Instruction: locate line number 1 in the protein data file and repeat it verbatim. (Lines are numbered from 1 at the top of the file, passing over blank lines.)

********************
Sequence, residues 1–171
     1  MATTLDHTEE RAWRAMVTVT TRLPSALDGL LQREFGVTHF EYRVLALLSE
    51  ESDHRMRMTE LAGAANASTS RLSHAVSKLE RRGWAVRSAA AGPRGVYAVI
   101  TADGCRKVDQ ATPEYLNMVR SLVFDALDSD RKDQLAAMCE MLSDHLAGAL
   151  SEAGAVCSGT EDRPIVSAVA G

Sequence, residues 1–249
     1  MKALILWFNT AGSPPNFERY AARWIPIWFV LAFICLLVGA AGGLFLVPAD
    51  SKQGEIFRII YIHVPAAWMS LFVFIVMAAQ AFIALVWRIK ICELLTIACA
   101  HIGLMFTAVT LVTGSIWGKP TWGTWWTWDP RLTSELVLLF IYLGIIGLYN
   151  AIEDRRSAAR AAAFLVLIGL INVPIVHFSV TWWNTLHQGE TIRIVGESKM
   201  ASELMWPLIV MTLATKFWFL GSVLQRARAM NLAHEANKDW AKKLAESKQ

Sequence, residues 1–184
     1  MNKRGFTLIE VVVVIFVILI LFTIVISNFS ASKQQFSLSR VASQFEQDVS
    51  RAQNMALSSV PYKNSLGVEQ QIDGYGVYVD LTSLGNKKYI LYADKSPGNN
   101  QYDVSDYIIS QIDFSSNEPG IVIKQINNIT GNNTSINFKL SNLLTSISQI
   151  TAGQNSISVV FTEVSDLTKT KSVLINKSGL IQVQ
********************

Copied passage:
Sequence, residues 1–171